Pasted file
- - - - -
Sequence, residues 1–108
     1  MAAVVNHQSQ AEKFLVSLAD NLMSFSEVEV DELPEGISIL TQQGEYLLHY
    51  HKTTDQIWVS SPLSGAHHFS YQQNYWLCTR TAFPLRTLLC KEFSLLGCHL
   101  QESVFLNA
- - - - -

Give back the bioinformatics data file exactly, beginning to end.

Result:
Sequence, residues 1–108
     1  MAAVVNHQSQ AEKFLVSLAD NLMSFSEVEV DELPEGISIL TQQGEYLLHY
    51  HKTTDQIWVS SPLSGAHHFS YQQNYWLCTR TAFPLRTLLC KEFSLLGCHL
   101  QESVFLNA